Question…Would you know what horse meat tasted like if it was in a burger, lasagne or kebab? I know I couldn’t, and if told it was a beef burger or beef lasagne then that is what it is. It is funny that no-one questions the flavourings, preservatives and other chemicals put in these dishes. The French have eaten horse for years with no ill effect (some may disagree with that statement). Put a beef steak and a horse steak next to one another, cooked in different pans, then I might be able to tell. It’s said that frogs legs taste like chicken, I wonder what the contents of “chicken nuggets” are?

Question…Is horse meat cheaper than beef? I believe horse meat is up to 40% cheaper than beef in some countries, so is it any surprise we find it in some cheaper brands of food. For example if you want to by the “ten burgers for a £1” do you really expect to find 100% beef; wonder how much crushed bone and offal could be in there.

Question…What about “Bute” (Phenlybutazone) getting into the food chain? I have yet to be convinced that if “Bute” is present, that it is of a such significant amount that one would succumb to the documented side effects of the drug. May be if you ate an entire horse or two, which had received long-term treatment of Phenlybutazone I would seriously consider it a risk.

What is the real issue…I guess for me the real issue is probably the deceit, labelling the product as beef when it contained horse; but then who would have bought it?

I am glad that I gave up buying meat products from the supermarkets a long time ago now. Despite paying a little more, I use the local butchers who buys his meat locally sourced and when you see him making the burgers from the meat he has just minced you know what you are buying.

So forget the sensationalist head lines, put down your pitch forks and just forget what you read in the media. It’s all tripe!

Iain Duncan Smith  (IDS) has suggested that “tackling poverty is not just about giving people more money through state benefits” it is about getting people back into work, and supporting them. As I interpret it, a re-fashioning of society where the emphasis is on government supporting those who make the effort to help themselves; a utopia. One view is that if you do give people more money through state benefit, that money returned to government through taxation. Another being, where will the extra money come from in the first instance?

What IDS is talking about is one aspect of poverty referred to as “relative poverty”. Described by almost everybody’s favourite reference site “Wikipedia” as, “…a measure of income inequality”; “…measured as the percentage of population with income less than some proportion of median income.” The definition of relative poverty in the United Kingdom (UK)  is “less than 60% of the typical income“, to contextualize this, the median salary in 2011 was £26244 therefore if one earned less than £15746 one was living in relative poverty.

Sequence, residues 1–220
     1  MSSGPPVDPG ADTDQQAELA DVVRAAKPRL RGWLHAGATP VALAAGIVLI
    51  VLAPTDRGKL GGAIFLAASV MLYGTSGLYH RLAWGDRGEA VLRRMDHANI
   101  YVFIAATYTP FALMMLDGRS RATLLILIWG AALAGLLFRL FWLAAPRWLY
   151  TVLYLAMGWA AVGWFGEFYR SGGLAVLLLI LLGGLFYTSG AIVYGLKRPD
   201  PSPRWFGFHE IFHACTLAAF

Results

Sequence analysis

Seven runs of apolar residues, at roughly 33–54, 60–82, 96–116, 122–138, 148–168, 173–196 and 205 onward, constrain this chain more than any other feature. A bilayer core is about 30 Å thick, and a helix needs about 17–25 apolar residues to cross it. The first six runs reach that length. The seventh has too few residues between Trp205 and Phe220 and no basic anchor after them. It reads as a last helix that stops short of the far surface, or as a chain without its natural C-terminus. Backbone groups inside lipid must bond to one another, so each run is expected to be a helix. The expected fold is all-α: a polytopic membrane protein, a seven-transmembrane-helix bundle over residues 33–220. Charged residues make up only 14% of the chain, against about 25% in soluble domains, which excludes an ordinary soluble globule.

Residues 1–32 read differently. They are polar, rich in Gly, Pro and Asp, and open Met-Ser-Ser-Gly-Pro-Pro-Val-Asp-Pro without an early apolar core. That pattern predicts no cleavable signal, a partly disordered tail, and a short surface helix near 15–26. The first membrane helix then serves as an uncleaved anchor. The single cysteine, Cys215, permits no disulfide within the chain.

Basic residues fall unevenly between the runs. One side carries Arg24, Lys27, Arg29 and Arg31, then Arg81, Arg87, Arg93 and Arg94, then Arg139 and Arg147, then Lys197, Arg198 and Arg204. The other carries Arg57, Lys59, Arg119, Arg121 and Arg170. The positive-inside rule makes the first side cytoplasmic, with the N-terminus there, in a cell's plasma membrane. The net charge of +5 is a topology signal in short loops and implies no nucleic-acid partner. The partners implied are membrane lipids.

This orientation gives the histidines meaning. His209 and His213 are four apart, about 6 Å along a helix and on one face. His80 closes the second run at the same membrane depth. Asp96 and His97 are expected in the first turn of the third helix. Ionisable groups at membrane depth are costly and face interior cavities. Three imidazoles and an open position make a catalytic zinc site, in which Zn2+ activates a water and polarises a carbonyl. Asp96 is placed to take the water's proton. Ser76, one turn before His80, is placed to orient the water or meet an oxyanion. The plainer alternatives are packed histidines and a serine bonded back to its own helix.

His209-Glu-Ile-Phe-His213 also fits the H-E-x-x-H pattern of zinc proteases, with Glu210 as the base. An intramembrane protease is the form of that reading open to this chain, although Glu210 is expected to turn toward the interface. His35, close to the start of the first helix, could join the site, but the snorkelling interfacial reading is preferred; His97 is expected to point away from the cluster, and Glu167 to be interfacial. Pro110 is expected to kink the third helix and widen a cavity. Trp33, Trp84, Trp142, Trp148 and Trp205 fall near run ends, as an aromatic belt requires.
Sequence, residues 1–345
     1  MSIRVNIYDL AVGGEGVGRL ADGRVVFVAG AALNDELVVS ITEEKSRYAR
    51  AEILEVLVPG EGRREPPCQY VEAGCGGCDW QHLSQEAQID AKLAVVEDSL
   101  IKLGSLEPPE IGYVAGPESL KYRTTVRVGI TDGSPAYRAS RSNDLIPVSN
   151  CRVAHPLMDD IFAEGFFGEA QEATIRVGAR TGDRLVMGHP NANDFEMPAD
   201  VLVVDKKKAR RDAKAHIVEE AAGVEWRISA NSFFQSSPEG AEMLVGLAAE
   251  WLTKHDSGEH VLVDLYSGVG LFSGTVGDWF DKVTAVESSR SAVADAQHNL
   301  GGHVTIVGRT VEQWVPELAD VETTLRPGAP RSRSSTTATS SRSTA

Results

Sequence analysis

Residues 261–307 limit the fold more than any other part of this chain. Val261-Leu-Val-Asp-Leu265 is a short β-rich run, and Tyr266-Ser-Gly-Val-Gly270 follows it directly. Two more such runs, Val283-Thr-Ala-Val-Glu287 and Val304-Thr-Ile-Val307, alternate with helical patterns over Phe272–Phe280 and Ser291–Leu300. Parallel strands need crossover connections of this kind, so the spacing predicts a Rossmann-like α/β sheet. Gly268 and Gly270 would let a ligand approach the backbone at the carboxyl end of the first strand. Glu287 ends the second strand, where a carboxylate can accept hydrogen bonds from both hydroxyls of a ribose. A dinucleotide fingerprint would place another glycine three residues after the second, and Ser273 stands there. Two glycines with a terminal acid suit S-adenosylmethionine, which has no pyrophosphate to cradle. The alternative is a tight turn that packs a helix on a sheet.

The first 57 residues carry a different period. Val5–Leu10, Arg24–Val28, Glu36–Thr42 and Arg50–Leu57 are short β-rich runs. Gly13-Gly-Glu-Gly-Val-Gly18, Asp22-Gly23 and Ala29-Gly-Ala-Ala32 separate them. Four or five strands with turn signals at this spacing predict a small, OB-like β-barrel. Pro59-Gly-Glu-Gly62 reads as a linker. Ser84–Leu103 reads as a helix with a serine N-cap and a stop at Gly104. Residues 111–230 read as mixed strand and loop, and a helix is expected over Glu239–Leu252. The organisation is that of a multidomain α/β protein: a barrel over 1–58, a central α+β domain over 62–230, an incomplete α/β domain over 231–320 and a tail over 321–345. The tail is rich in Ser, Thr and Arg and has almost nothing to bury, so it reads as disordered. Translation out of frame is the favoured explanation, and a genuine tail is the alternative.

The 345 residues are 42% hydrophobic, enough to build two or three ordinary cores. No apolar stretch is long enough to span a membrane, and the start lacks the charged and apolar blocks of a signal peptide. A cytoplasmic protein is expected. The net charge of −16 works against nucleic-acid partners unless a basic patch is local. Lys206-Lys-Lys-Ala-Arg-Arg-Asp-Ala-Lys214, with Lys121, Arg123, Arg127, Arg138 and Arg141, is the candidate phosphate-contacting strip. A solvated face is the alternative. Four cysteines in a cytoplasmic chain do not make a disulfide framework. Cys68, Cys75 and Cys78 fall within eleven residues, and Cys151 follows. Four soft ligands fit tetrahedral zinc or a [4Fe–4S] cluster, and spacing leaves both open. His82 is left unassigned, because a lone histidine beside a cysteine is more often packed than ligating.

If a family has less than 60 percent of the median income it is said to be poor, if it has 60 percent or more it is not” in effect IDS is removing people out of relative poverty in one sentence; or is he just using poor as a metaphor?

To hypothesise using quoted figures of one parent out of a partnership working 35 hours at minimum wage (35 hours * £6.19 *4.33 * 12 (months) = £11257), approximately (£15746 – £11257) £4507 in universal credit would be required just to stop one being poor, instead of the government paying out £15746 in benefits.

In principle reducing benefit payments by roughly 72% (using above figures) sounds wonderful and would certainly facilitate the redistribution of government monies easier.

Yet with 8.2% of the population eligible to work currently unemployed, 2.63 million people not contributing to government coffers, for whatever reason: in addition approximately 4000 troops made redundant from the forces. Where does IDS propose employment will come from?

But IDS is leaving something out here, a point that he is very well aware of and to me does hold its own in relation to relative poverty. It is this: what is the government doing to address the absolute poverty that is a real and present issue within the UK today?

An extremely powerful, thought-provoking article, “I don’t feel human’ Experiences of destitution among young refugees and migrants” makes me wonder where our priorities should stand.

Should we be looking at helping those with nothing?

The whole moral and ethical debate as to why, and how, and whose to blame for the refugees and migrants in the UK today can, like “Norton antivirus“, run unobtrusively in the background but there needs positive action by the powers that be to address this issue.